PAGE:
All Denalis will come equipped with a heavy-duty four-speed automatic transmission called the 4L60-E HD. While not as big as the massive 4L80-E used in three-quarter- and 1-ton trucks, this beefed-up unit has numerous upgrades over the standard 4L60-E for towing and added durability behind the Denali-specific 6.0-liter powerplant.
Part of the reason we'd justify the purchase of a vehicle as large as the Denali XL (or even a regular Denali) is towing ability. In that department, these babies don't disappoint one bit. With a standard 3.73 axle ratio across the board, both Denali and Denali XL are eminently capable tow rigs. The smaller-brother Denali is a bruiser that can lug 8,500 pounds along the highway. The XL is rated to tow near the same amount at a still mighty impressive 8,400 pounds.
Numerous other mechanical revisions or outright additions highlight the Denalis, such as a better all-wheel-drive transfer case, stronger axles in the rear end and the standard Autoride computer-controlled suspension and damping system. FYI, many of these systems are similar to those that will appear in the upcoming 2002 Cadillac Escalade since that vehicle could ostensibly be considered yet a fancier version of the Denali. The most significant difference is the Escalade gets its own unique version of the 6.0-liter Vortec V8 that makes 345 horsepower.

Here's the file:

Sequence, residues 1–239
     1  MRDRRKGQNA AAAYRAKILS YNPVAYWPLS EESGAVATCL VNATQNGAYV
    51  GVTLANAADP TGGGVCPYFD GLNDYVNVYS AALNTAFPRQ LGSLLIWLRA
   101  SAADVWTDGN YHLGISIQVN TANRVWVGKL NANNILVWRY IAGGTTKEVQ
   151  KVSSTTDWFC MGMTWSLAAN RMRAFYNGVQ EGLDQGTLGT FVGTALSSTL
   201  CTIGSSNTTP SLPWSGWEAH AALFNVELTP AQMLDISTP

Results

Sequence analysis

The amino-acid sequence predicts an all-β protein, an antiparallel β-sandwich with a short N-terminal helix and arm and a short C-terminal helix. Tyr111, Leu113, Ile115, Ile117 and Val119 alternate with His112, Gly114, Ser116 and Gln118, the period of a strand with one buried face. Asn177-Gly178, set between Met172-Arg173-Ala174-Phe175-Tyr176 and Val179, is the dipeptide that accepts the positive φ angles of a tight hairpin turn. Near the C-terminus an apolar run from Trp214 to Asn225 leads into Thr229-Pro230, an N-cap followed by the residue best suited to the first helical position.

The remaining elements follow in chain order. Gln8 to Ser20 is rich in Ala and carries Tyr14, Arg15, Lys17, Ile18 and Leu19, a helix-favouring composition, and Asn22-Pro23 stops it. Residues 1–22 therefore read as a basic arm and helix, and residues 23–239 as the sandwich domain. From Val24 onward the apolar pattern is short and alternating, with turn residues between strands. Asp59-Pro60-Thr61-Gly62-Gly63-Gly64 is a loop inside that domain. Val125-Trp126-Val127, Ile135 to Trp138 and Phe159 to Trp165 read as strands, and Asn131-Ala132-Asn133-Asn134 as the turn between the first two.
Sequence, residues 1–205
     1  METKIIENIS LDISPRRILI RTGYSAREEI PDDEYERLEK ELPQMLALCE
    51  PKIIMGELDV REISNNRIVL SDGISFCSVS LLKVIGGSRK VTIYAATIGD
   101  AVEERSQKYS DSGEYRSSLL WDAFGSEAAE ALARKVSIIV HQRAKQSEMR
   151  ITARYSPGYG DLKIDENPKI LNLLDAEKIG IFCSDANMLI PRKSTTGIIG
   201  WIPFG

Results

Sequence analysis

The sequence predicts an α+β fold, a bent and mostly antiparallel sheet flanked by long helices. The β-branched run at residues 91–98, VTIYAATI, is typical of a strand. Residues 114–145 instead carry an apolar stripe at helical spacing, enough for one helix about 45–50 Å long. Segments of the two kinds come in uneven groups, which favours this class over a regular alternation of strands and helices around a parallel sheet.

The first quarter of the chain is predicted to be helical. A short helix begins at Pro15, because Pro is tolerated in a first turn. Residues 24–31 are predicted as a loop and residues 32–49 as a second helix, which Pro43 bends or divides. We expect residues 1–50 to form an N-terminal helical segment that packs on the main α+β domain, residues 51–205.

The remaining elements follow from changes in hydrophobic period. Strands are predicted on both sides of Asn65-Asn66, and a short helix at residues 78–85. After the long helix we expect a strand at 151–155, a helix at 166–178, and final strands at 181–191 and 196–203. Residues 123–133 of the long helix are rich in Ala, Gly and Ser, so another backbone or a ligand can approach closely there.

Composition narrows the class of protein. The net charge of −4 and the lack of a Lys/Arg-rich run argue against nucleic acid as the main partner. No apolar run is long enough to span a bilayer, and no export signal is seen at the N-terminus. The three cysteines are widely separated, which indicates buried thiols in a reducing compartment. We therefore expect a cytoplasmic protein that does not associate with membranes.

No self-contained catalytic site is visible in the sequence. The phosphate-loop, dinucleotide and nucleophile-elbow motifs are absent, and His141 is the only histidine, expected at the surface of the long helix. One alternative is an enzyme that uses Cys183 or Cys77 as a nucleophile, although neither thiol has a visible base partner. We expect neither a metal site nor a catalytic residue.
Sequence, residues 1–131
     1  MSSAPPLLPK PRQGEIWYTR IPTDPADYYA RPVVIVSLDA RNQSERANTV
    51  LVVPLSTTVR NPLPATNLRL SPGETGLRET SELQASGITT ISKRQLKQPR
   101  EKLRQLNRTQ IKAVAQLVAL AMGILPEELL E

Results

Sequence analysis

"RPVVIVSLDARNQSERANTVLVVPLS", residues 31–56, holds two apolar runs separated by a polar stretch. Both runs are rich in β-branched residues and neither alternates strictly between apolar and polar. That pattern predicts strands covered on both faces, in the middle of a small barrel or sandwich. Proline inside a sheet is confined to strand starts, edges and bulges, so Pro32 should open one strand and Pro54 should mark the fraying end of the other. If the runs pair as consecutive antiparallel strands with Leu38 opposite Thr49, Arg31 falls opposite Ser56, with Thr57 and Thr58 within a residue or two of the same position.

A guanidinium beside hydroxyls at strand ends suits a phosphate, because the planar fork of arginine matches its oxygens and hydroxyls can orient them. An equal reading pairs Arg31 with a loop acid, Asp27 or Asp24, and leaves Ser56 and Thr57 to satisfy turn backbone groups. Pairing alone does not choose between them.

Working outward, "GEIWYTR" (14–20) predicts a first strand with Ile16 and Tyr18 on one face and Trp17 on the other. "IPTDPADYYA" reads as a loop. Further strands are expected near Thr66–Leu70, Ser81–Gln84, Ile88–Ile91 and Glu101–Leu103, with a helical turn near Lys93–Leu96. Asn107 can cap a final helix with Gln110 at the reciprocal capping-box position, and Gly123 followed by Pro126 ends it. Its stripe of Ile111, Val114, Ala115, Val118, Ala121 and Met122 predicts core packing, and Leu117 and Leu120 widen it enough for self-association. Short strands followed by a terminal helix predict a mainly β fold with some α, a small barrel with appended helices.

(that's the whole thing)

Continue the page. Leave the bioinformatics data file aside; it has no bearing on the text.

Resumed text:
But we like the look of the Denali better just as we like the looks of an Expedition better than those of the garish and gaudy Navigator. Take a look at the photos and see for yourself as, for example, the front end has been nicely redesigned with a single-piece bumper fascia that encompasses two tow hooks, round fog lights and a four-bar lower grille. There are also 17-inch wheels, a monochromatic paint scheme, and body-side moldings to integrate the design with the running boards, and a brushed stainless-steel exhaust tip to punctuate the powerful character of these machines.
As with the Escalade, the Yukon Denalis are full luxo all the way. Inside might be few differences appearance-wise (the Escalade gets its own gauge cluster, for example) but for all intents and purposes, the cabins are the same. That's not a bad thing, because we'd say that all three of GM's luxo-utes (the two Denalis and the Escalade) are now equipped with the nicest cabins you're going to find in this segment.
Standard in the Denali (and Escalade) is the new generation of GM's OnStar system that now includes Virtual Advisor and Personal Calling. The laundry list of other standard appointments is also quite awe-inspiring. Highlights include ABS, a six-disc CD changer with an 11-speaker hi-fi setup and rear seat controls, a driver information center (DIC), electronic HVAC controls, two-tone leather seating, 10-way power seats up front, heated front and second-row seats, remote keyless entry, a trailer package that'll handle the aforementioned towing capacities, and about 25 other features that makes the option list for the Denali very short. In fact, the Denali and Denali XL are so loaded, the option list includes a total of three items: a sunroof, second-row bucket seats on the big-brother XL, and an engine-block heater that's standard in Canadian market versions.